The deals written today are adhesion contracts with zero room for any negotiation! At any point if a songwriter or artist tries to “negotiate” a term or “fine point,” the label and songwriting house typically and very simply says, “Do you know how many people are waiting for this position you find yourself in. If you want to negotiate, go back to the end of the line, and we will see if we get to you again!” There is no negotiation -- it’s a take-it-or-leave-it proposition!  

So while the above explains what the primary reason is for “why” the artists and songwriters are not getting their fair share, the corrective measure should be the same for any other for-profit business. When you create a bad deal like the Music Industry did with “per song” purchasing online, and your cost structure increases and revenues decline (from a business decision you made), you don’t go out and seek more revenues and put forth specious claims that the industry that serves your marketing and promotions arm is somehow now all of a sudden “not paying their fair share.”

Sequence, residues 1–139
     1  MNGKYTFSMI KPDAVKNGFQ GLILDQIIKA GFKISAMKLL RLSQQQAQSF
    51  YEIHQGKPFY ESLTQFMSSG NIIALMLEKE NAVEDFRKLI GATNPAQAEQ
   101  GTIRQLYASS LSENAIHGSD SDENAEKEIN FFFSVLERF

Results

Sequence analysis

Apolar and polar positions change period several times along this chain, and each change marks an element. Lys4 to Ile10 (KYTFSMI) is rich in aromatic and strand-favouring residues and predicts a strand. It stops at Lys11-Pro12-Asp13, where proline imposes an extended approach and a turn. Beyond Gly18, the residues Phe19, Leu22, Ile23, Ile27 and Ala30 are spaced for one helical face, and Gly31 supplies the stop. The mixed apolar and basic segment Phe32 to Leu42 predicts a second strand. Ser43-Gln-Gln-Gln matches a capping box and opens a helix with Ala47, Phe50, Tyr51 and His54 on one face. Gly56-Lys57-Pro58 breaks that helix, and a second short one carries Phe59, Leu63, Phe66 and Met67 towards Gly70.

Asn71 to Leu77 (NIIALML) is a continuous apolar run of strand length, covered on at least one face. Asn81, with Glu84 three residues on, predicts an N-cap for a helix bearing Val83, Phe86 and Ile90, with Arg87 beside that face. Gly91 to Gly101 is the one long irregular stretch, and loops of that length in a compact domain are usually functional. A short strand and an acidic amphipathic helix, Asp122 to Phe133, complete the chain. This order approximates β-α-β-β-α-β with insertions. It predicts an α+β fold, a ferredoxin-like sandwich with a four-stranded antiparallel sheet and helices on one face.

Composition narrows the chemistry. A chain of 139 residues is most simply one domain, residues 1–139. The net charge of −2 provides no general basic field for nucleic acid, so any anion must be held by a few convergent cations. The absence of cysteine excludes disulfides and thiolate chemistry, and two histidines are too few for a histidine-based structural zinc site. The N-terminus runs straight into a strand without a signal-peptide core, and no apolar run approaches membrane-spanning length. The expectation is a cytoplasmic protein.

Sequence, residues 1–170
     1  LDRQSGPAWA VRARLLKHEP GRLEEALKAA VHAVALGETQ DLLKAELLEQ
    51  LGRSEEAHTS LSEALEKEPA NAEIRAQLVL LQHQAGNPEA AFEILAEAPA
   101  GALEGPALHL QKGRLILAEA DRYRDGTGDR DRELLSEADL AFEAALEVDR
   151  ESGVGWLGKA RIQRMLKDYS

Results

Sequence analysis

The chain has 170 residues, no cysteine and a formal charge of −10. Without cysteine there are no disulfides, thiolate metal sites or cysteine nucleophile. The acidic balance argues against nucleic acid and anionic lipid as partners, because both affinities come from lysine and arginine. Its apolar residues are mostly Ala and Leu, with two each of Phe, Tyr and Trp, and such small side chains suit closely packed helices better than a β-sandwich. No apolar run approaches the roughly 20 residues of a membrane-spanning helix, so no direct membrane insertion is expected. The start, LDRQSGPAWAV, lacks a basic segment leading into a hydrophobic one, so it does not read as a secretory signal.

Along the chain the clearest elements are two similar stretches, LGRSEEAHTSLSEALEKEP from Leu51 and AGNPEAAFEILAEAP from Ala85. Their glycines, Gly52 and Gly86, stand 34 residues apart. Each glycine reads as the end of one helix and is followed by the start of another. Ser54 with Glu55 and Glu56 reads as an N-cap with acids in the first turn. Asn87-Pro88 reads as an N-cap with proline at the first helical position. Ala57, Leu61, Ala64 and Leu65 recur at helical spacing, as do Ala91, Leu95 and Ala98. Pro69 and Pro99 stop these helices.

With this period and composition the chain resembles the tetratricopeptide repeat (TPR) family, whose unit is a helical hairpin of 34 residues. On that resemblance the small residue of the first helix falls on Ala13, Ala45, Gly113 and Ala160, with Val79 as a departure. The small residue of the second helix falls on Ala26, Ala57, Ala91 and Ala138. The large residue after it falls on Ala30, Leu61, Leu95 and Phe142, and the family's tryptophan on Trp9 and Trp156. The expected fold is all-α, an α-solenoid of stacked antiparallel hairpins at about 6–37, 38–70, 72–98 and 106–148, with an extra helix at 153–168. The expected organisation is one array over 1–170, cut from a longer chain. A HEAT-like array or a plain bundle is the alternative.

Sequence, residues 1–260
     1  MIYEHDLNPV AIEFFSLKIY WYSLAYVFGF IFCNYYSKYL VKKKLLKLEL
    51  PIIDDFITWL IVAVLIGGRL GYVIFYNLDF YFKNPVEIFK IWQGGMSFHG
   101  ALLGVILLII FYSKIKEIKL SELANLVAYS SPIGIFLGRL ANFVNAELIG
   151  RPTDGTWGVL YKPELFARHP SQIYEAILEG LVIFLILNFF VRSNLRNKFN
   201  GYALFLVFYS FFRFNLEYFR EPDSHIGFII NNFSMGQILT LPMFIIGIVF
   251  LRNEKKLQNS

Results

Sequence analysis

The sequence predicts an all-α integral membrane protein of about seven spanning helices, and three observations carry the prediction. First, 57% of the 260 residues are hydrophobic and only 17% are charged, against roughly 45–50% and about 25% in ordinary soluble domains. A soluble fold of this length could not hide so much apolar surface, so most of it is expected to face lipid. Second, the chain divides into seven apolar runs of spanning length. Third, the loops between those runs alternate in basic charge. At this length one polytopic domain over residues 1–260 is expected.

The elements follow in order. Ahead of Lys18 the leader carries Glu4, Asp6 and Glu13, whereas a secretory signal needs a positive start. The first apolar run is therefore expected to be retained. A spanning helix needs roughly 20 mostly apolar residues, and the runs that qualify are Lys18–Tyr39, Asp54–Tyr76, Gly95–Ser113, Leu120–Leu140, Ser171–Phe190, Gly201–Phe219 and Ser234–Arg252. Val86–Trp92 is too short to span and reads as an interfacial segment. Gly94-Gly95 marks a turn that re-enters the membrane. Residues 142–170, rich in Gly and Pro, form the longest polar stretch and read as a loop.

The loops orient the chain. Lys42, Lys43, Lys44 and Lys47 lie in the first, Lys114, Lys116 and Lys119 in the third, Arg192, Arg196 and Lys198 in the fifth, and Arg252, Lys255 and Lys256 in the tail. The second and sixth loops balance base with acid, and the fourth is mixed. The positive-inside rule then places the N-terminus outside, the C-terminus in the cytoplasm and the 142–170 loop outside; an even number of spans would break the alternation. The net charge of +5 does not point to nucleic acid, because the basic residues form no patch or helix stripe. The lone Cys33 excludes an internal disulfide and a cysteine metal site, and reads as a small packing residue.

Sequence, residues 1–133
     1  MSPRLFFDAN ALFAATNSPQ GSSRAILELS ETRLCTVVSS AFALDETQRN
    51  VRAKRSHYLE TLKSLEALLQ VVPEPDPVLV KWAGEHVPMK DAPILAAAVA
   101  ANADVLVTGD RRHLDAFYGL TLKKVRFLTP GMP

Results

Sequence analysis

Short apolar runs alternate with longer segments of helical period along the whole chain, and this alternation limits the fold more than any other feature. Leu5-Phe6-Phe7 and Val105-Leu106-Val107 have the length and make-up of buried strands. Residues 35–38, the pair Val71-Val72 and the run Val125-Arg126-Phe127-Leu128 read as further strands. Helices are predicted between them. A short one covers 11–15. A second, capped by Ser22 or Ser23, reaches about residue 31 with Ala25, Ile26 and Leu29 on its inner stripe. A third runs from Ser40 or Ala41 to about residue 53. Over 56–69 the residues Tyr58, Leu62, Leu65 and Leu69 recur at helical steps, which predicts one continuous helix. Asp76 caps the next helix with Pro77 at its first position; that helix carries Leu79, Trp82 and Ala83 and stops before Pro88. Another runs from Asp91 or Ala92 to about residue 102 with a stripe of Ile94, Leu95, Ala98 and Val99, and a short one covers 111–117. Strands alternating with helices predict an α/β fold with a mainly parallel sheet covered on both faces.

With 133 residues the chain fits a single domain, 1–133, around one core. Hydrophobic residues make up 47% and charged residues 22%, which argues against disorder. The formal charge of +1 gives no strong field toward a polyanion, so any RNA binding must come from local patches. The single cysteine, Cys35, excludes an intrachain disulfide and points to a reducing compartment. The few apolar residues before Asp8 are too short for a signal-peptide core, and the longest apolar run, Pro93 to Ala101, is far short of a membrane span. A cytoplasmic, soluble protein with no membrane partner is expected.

Today, the Music Industry thinks the answer to their declining profits model is to simply raise revenues through the toxic performance royalty “taxes” they are seeking to have the government put on free-over-the-air broadcasters in the form of such wrongheaded legislation as the Songwriters Equity Act! 

Let’s now focus on the broadcasting industry.

There is no question that broadcasters benefit from playing songs, which is why the songwriters are paid vis-à-vis the PROs. Artists are paid through their record sales which in turn are tied to the Music Labels who also get a share (the lion’s share). Songwriters benefit as well with copyright royalties that are tied to the record sales of the artists who sing these songs. Radio feels that they are paying for the use of this music with not only their cash, but with “sweat equity.”